Commercial and Regulatory, Property
This was a dispute about the interpretation of a commercial lease, implied terms and estoppel by convention.
Under a principal agreement dated 3 May 1996, the London Borough of Hackney (LBH) transferred the freehold title to Kingsland Viaduct to London Underground Limited (LUL), Rail for London’s (RFL’s) statutory predecessor, for nominal consideration for the purpose of the proposed construction of the East London Line Extension (ELLX).
The agreement provided for a sequence of 99 year leases (extendable to 125 years) whereby the viaduct arches occupied by commercial tenants were let back to LBH, then sublet to LUL (Lease C) and then in turn sub-underlet to LIKV (Lease D/the Underlease). LIKV was a third party SPV known as “Workspace”.
The parties’ dispute centred on the rent provision in Lease C. This reserved to LBH the “Basic Rent”, defined as follows:
“‘Basic Rent’ means for each Relevant Year the Basic Rent (as defined in the Underlease) that is received by the Tenant pursuant to the provisions of the Underlease”.
The Basic Rent calculated and paid by Workspace to LUL under the provisions of Lease D was a revenue rent, calculated under the terms of Lease D as a percentage of the net rental income received by Workspace.
In 2003, LUL served a notice to treat on Workspace in exercise of its compulsory purchase powers relating to ELLX. In November 2003, Lease D was surrendered to LUL for a premium of just under £8m.
For some 16 years thereafter, LUL (and then RFL, as its statutory successor) continued to pay LBH Basic Rent under Lease C, calculated in accordance with the provisions of Lease D, despite Lease D no longer being in existence.
In December 2019, RFL asserted that such payments were in error, and that as a result of the surrender of Lease D, the Basic Rent payable under Lease C was zero. This was on the basis that, since the surrender, no Basic Rent had been “received by the Tenant [of Lease C] pursuant to the provisions of” Lease D.
If correct, RFL’s contention would have meant that zero rent was payable under Lease C for the remaining 75+ years of the term. By the date of trial, the Basic Rent was or would have been approaching £2m per annum.
This gave rise to three issues:
- The proper interpretation of Lease C. LBH contended that the Basic Rent remained payable notwithstanding the surrender of Lease D and any other interpretation was an affront to business common sense. RFL argued that Lease C “meant what it said”.
- Whether a term should be implied into Lease C on the ground of obviousness and/or business efficacy. LBH argued that that it was commercially absurd for LBH to lose its share of the rental income from the arches as a result of a commercial decision reached between LUL and Workspace. RFL denied this and in any event argued that the proposed implied term would contradict the express terms of the lease.
- Whether RFL was estopped by convention from denying that the Basic Rent remained payable under Lease C as a result of a common assumption relied on by LBH in particular by not suing its former solicitors, who advised it in relation to the principal agreement, within the limitation period. RFL denied that an estoppel was made out on the facts, but also contended that it was impermissible for LBH to use estoppel by convention to found a cause of action for the Basic Rent in a manner that circumvented the doctrine of consideration (in short, the “shield/sword issue”).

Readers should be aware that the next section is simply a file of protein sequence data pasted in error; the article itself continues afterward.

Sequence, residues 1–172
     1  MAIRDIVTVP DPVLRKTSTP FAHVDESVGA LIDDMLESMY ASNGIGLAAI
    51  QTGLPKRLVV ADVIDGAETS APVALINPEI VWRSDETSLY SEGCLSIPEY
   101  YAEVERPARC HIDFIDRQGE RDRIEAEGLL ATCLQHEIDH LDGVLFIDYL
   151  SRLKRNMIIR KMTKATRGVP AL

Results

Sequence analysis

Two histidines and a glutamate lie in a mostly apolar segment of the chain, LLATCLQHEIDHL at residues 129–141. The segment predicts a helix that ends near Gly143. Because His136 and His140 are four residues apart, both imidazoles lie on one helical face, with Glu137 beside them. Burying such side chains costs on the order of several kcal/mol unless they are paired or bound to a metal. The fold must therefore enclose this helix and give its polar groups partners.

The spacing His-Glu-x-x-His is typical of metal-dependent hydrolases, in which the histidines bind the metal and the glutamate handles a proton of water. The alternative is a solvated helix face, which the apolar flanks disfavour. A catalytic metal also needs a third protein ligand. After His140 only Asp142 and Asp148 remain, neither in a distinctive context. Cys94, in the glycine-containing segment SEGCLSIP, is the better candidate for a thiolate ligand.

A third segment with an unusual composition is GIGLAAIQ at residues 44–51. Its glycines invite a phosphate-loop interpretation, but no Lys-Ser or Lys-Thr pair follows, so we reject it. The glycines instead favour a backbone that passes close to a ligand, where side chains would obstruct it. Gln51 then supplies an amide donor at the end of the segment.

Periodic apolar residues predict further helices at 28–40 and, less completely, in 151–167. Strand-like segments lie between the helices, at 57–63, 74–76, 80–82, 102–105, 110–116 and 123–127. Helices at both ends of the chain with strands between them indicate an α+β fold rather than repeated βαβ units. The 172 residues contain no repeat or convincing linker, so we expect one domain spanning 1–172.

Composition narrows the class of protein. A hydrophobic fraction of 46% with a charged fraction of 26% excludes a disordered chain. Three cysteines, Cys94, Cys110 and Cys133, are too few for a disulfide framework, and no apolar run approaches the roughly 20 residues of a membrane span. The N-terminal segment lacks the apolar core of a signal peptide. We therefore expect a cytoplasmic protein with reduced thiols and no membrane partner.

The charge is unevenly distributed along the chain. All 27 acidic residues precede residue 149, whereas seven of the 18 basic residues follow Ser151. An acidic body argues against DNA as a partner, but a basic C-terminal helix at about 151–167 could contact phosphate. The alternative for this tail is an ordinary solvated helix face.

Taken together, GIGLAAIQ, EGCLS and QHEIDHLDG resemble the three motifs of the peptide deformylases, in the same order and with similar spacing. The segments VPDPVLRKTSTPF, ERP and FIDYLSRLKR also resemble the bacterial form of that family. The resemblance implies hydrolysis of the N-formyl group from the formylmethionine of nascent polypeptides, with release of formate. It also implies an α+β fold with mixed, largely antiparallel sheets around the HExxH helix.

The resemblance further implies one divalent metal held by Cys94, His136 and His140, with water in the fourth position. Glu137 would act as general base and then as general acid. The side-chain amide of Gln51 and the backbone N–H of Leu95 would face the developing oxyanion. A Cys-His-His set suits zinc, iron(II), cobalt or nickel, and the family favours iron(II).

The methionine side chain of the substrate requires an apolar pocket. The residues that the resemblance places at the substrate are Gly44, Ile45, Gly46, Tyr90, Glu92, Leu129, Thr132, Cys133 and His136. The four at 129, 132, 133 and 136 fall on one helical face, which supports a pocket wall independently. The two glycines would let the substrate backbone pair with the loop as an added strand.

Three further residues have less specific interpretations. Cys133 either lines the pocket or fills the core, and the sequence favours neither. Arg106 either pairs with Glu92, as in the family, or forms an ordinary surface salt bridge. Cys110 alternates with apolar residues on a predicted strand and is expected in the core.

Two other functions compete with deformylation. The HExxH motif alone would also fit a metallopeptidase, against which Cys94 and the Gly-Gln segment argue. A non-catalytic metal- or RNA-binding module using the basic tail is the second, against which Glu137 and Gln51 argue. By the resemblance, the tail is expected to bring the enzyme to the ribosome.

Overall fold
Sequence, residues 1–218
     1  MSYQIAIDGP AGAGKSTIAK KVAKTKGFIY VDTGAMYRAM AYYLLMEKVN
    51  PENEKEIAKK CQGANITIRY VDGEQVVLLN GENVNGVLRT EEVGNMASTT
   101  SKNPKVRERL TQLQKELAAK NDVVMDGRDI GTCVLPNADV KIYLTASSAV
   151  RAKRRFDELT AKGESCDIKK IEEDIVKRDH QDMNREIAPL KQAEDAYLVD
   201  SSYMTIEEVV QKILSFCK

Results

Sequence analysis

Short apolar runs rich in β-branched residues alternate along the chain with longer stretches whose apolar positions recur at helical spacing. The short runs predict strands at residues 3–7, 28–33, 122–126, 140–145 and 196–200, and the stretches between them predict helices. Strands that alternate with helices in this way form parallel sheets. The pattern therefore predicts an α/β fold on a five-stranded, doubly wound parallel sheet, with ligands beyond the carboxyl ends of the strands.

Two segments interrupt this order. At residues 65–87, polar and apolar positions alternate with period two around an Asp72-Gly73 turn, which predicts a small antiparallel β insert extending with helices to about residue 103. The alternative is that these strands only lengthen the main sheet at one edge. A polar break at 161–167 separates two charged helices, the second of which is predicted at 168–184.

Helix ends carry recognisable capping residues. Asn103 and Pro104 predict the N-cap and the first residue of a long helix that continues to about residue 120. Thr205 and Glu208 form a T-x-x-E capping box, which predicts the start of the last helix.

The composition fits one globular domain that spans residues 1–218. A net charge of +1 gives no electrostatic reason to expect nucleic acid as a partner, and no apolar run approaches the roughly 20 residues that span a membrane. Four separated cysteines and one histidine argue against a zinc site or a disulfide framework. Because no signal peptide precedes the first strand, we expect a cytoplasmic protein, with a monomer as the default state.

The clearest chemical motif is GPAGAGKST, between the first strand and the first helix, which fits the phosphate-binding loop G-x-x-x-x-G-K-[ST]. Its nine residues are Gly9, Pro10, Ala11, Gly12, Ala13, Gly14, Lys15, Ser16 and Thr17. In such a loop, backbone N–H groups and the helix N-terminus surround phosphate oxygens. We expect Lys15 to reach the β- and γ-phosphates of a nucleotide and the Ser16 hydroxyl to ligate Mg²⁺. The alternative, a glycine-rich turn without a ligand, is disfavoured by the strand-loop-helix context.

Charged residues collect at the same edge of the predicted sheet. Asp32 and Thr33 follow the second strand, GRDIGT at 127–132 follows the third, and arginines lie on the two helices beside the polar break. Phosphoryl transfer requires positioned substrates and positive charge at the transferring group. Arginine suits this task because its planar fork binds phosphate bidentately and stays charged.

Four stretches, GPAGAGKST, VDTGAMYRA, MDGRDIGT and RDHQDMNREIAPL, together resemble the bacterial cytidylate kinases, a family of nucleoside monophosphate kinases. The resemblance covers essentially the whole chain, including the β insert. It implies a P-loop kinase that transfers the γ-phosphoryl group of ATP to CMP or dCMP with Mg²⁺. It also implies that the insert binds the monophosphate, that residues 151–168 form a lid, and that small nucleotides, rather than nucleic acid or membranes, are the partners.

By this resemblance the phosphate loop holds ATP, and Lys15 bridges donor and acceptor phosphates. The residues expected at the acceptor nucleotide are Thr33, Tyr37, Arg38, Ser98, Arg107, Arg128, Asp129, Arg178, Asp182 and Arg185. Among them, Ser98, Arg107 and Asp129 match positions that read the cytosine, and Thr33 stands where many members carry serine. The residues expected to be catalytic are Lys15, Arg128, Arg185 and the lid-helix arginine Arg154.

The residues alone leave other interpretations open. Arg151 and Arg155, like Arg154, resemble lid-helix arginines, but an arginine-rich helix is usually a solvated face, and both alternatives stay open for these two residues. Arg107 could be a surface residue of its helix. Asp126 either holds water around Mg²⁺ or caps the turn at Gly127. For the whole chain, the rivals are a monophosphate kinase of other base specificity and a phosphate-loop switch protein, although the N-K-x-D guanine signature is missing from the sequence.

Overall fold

The case was tried by HHJ Claire Jackson, sitting as a High Court Judge, on 18 – 20 October 2022. She handed down her judgment on 12 December 2022.
RFL succeeded on issue (1). The Judge held that the terms of Lease C were clear and unambiguous and therefore there was no need for the Court when interpreting the lease to consider business sense (paras 77 – 87).
LBH succeeded on issue (2) and thus succeeded overall. The Judge held that there was to be implied into the definition of “Basic Rent” in Lease C a further part of the definition as follows:
“where the Underlease is determined the sum that is received by the Tenant ascertained in accordance with the provisions of the Underlease (including its definition of Basic Rent) with all necessary modifications”
Whilst the Judge did not find that Lease C as written was commercially absurd, given the benefits to LBH of ELLX proceeding, without the implied term Lease C lacked commercial coherence and therefore the implication was justified on the ground of business efficacy and also obviousness. Further, whilst the express wording referred to the need for Lease D to exist for the Basic Rent to be paid, this was not inconsistent with an implied term providing for rent to be paid if Lease D ceased to exist (paras 88 – 114).
It was therefore not necessary for the Judge to go on to consider issue (3), and in particular she did not address the vexed shield/sword issue. She did, however, make findings of fact in LBH’s favour and in particular found that the loss of an arguable claim against LBH’s former solicitors constituted a sufficient detriment and that, if estoppel by convention could succeed as a matter of law, it would be unjust and unconscionable for RFL to resile from it (paras 115 – 118).
The decision will be of interest to all property and commercial practitioners, and can be found here.
- Matt Hutchings KC represented RFL, instructed by Morgan Francis at TFL Legal.
- Ranjit Bhose KC and Shomik Datta represented LBH, instructed by James Gibson at LB Hackney Legal.